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Architectural drawings declared a national heritage treasure

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Canterbury College West Elevation Canterbury College West Elevation Photo credit: University of Canterbury

The University of Canterbury’s rare collection of thousands of architectural drawings has been selected by UNESCO as a significant and important piece of New Zealand memory that should be preserved for all time.

The Armson Collins Architectural Drawings Collection has been announced as one of the new inscriptions to the UNESCO Memory of the World New Zealand documentary heritage register today (26 November) at a ceremony in the National Library, Wellington.

The University of Canterbury’s Macmillan Brown Library holds one of the largest collections of architectural drawings in New Zealand. The collection includes original drawings by BW Mountfort, WB Armson, Sir Miles Warren, Don Donnithorne, Peter Beaven, Paul Pascoe and other noted Canterbury architects. A large number of these are pen-and-ink and watercolours, and are considered works of art in their own right.

With over 5000 architectural drawings, specifications and photographs, the Armson Collins Architectural Drawing Collection shows the development of architecture in Christchurch from the early 1870s into the 20th century, University of Canterbury archivist Erin Kimber says.

“The importance of the collection has been highlighted since the Canterbury earthquakes.

“No other collection in New Zealand provides such a complete representation of the built heritage that has suffered such a sudden and comprehensive loss. In some cases the drawings are the only remaining depictions of a building.”

“The collection is used by building and engineering professionals, home-owners, archaeologists, and history scholars, and continues to actively contribute to the Christchurch rebuild, making it a significant taonga for the region and its people,” Ms Kimber says.

“Inclusion on the register safeguards this collection for the future.”

Armson Collins Architectural Drawing Collection

Architect Samuel Hurst Seager believed that architecture: “takes rank beside the fine or beautiful arts of sculpture, painting, music and poetry, which minister to our higher being, appeal to our perception of what is beautiful, fine and noble; give play to our imaginative faculties and raise us on a wave of pure emotion to higher and nobler thought and aspirations.”

Architectural historian Ian Lochhead has commented that “The process of exploring the Armson Collins Collections will be in a very real sense, the process of rediscovering a large part of the architectural history of Christchurch itself.”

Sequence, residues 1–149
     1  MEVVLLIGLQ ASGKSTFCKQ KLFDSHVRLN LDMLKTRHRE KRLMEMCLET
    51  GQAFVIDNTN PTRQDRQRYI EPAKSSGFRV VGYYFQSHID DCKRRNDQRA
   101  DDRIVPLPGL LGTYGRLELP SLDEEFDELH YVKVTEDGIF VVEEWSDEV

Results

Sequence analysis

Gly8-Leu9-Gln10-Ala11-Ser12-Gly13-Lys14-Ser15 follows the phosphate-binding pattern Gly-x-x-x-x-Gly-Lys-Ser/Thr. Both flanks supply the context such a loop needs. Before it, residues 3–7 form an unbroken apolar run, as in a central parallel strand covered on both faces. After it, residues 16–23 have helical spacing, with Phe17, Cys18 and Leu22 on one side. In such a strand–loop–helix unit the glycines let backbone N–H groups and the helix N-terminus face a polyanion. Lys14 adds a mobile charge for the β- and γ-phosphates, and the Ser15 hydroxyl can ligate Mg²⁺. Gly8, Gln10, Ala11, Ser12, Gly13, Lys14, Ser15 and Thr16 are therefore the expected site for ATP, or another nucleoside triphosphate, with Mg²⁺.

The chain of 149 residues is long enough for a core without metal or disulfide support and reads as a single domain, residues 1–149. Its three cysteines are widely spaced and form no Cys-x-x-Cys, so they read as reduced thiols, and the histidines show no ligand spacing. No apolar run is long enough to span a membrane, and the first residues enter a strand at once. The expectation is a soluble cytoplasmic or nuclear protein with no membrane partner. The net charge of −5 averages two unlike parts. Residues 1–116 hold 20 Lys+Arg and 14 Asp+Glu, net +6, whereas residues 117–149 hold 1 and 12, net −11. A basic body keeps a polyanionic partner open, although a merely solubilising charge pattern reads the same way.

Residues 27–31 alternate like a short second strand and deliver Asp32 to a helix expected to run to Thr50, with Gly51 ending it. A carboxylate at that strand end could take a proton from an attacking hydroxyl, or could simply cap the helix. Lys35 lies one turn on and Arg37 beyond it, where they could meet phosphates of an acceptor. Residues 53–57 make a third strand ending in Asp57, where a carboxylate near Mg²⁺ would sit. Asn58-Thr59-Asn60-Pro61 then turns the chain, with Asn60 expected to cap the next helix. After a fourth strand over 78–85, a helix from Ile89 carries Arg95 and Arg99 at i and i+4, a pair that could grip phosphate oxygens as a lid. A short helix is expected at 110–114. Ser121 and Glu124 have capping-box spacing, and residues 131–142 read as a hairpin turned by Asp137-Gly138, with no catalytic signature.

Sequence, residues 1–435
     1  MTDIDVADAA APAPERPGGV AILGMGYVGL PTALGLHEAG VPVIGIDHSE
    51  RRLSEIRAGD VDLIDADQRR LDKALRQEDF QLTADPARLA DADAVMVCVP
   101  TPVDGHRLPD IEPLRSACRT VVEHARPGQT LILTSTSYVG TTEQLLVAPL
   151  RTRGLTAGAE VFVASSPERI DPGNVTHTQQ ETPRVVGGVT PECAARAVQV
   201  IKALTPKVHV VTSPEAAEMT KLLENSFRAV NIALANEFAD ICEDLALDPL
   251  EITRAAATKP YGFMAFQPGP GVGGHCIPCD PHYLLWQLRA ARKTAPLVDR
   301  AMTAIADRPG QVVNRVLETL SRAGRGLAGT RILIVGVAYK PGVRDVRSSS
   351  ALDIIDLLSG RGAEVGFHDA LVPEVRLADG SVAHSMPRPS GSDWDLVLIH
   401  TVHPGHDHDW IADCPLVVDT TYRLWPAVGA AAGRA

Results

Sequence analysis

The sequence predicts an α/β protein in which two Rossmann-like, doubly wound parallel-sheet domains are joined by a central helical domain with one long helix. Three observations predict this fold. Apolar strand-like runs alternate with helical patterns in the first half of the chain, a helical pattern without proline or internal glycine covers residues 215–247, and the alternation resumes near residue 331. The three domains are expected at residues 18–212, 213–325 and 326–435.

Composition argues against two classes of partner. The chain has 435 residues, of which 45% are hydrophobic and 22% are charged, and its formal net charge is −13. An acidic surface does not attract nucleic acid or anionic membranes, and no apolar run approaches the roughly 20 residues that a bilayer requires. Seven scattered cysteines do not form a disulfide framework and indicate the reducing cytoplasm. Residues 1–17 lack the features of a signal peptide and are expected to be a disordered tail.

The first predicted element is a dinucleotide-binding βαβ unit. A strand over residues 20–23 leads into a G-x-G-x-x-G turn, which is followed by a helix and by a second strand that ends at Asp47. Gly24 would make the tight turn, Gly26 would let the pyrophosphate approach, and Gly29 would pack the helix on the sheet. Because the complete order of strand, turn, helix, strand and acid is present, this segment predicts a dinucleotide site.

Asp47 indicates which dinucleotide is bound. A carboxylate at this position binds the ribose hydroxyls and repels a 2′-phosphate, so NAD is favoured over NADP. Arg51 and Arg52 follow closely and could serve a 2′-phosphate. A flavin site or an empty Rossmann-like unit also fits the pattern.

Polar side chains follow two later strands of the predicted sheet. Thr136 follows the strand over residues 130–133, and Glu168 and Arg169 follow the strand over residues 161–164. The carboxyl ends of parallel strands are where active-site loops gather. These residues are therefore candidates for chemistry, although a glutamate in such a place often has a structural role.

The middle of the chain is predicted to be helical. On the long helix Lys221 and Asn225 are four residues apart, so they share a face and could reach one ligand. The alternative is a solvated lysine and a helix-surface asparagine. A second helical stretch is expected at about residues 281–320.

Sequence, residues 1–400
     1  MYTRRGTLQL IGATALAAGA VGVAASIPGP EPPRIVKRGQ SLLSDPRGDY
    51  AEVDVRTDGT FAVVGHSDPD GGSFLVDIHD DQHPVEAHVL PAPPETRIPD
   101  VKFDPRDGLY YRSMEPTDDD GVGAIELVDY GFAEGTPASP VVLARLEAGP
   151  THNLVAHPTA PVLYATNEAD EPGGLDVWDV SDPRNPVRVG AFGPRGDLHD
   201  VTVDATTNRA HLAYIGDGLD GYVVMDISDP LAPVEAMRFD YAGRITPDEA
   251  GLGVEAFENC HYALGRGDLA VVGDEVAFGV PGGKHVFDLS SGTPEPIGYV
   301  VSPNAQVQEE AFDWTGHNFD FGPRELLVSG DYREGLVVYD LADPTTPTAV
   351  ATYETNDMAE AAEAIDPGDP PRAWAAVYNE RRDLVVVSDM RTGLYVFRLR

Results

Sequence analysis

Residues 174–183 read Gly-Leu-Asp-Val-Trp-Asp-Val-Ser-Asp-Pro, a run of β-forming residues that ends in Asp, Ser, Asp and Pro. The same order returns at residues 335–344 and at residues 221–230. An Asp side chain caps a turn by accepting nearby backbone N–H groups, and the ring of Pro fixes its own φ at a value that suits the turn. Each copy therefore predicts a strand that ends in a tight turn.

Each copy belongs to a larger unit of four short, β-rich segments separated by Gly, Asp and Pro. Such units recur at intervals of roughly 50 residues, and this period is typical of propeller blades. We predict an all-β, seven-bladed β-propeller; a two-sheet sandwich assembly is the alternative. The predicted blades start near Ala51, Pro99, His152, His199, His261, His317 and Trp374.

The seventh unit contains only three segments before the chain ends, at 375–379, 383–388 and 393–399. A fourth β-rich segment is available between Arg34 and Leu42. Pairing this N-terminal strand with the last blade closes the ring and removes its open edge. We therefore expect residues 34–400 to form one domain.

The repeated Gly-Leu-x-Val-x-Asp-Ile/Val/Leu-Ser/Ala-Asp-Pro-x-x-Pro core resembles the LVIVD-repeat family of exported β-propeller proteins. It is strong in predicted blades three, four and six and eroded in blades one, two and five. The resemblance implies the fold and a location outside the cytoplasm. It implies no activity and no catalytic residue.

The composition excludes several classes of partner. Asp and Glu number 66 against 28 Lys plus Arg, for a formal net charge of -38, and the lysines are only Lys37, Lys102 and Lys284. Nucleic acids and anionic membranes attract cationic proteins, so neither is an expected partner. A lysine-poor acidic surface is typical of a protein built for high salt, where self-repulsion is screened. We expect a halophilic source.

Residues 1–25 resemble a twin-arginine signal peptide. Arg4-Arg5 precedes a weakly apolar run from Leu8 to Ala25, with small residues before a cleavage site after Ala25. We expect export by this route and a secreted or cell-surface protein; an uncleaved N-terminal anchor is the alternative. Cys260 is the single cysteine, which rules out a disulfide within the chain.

It is not hard to understand how architecture can also be thought of as art when delving into the Armson Collins Architectural Drawings Collection.

Founded in 1870, the firm of Armson and Collins was to nurture many generations of architects over the 123 years it existed. When the firm finally closed in 1993, the accumulated wealth of drawings and ephemera were donated to the University. The final senior partners, Maurice Hunt and Daryl Partridge, wanted to ensure that the designs would serve not only as an archive of the firm’s work, but would also go on to be used actively for teaching and research.

One of the most important features of the collection is that it shows the continuous development of architecture in Christchurch from the early 1870s. The Collection also demonstrates, through many excellent examples, the changes in styles and methods of architectural drawing techniques. Though the firm was known for their commercial work (for example The Press, Bank of New Zealand and Kempthorne Prosser buildings), the collection includes domestic jobs (Curator’s house, Te Koraha), ecclesiastical (St Mary’s Timaru), educational (Canterbury College, Boys High School, and Girls high School), and civic (Public Library).

The University particularly values the Collection because it contains original plans of the town site of Canterbury College (now known as the Arts Centre) from the 19th Century.

UNESCO Memory of the World

UNESCO launched the Memory of the World Programme in 1992 and it sits alongside UNESCO’s World Heritage List and Register of Intangible Cultural Heritage. The Memory of the World register highlights significant documentary heritage as a way of demonstrating the importance of preserving and providing access to all documentary heritage. The Programme operates at three levels – international, regional and national. The New Zealand Programme was established in 2010. Further information about Memory of the World and the inscriptions on the New Zealand register can be viewed at